POMEROY — The Supreme Court of Ohio has denied and dismissed the original appeal filed by Paula Rizer.
Rizer was appealing the conviction stemming from the April 2009 shooting death of her husband, Kenneth Rizer, Sr.
An entry filed March 7 and signed by Chief Justice Maureen O’Connor, states that “upon consideration of the jurisdictional memoranda filed in this case, the court denies leave to appeal and dismisses the appeal as not involving any substantial constitutional question.”
The Notice of Appeal filed by Attorney Craig M. Jaquith on December 12, 2011, stated that “this case raises a substantial constitutional question, involves a felony, and is of public or great general interest.”
Rizer appealed her conviction on the basis that a state forensic expert’s testimony violated her right against self-incrimination, and four other assignments of error, including claims the court erred when it prohibited the defense from calling Rizer ‘s granddaughter as a witness, erred in its jury instructions on the law of self defense in Battered Woman Syndrome cases, argued that her defense counsel was deficient, and stated that the court erred in ordering $10,000 restitution for funeral costs and $17,580 for the costs of her confinement in the Washington County Jail while she awaited trial.
The state’s response to the defense’s filing stated, “It is not clear from Rizer’s Memorandum in Support why she claims this case is of great general interest or involves a substantial constitutional question. At best, Rizer claims that her Fifth Amendment rights were violated and her counsel could not possibly know to object to what appeared to be a self-incrimination violation. Her claims of a Fifth Amendment violation, not being permitted to call a child witness and faulty jury instructions are all standard appellate issue, which were raised on appeal, and do not present any true new propositions of law or any question that would be overwhelmingly of public interest.”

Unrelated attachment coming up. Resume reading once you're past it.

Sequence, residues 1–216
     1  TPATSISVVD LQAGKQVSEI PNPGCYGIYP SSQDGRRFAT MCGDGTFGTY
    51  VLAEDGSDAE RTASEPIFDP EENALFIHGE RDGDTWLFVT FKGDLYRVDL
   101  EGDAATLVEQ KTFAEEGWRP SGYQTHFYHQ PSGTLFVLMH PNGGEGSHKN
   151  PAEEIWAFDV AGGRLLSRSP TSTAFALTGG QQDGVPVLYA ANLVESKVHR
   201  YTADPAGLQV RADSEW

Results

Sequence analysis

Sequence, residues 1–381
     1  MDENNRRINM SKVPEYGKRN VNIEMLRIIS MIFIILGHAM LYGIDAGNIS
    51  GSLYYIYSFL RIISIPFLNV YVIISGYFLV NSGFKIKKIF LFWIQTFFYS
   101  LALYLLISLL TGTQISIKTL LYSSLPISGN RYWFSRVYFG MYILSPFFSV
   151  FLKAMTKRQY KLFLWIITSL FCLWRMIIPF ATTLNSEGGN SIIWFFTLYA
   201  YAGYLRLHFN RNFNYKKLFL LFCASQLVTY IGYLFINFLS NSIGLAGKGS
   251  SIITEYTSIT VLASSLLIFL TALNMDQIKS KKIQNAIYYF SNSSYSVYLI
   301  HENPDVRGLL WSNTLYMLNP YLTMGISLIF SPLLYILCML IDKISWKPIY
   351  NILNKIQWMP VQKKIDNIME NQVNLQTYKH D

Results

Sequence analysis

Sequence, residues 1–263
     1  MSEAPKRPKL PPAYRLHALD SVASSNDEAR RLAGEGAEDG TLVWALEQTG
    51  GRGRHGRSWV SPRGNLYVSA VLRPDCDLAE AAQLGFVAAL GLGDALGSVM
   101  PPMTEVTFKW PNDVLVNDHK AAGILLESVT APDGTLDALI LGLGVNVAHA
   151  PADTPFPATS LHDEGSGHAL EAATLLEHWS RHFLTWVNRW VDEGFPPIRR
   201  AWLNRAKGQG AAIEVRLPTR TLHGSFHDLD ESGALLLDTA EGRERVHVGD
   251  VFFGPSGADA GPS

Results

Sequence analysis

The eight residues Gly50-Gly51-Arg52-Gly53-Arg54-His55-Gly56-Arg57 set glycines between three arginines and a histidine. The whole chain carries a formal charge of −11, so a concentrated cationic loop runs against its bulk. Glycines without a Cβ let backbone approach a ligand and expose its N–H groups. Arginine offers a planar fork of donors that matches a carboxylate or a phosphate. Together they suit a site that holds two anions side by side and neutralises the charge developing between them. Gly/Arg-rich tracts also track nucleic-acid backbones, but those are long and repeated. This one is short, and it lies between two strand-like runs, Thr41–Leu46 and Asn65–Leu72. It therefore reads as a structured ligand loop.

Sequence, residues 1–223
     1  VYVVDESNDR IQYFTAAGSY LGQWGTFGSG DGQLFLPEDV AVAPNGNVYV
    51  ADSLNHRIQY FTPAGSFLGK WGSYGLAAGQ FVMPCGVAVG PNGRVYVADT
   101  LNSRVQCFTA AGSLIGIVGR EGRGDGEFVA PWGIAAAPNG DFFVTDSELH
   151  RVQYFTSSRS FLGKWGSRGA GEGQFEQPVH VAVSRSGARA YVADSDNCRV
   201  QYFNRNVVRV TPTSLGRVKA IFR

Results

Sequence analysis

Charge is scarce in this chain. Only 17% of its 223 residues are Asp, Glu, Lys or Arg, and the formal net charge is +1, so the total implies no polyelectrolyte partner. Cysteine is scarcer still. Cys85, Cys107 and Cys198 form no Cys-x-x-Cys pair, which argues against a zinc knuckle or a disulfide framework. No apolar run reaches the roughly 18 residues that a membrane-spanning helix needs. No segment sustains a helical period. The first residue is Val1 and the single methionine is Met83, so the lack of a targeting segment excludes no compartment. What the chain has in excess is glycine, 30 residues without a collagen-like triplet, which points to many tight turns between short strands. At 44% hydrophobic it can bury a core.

The Fourth District Court of Appeals had previously overturned only the financial part of the case. The appeals court vacated Judge Fred Crow’s $10,000 restitution order and instructed him to impose an order of $9,200.
In addition to the first appeal which has now been dismissed, Rizer has filed a Petition for Post Conviction Relief, alleging that the conviction is void or voidable because she was denied the effective assistance of counsel.
Through affidavits, Rizer’s former attorneys Herman Carson and Glenn Jones — who represented Rizer during her murder trail — assert that they were ineffective in failing to object to “faulty self-defense instructions” and failing to object to testimony of Dr. Stinson regarding statements made to him by the defendant.
Judge Dale Crawford issued a decision on the filing in January, stating, “The Court has reviewed the record and has determined that ‘the files and records of the case [do not] show the petitioner is not entitled to relief’. The court will review the issue regarding the effectiveness of counsel argument.” A hearing on the merits of the motion has been set for 1 p.m. on April 18. According to court record, Rizer is to be present for the hearing.
Rizer is serving a sentence of 18 years to life and is incarcerated in the Ohio Reformatory for Women in Marysville.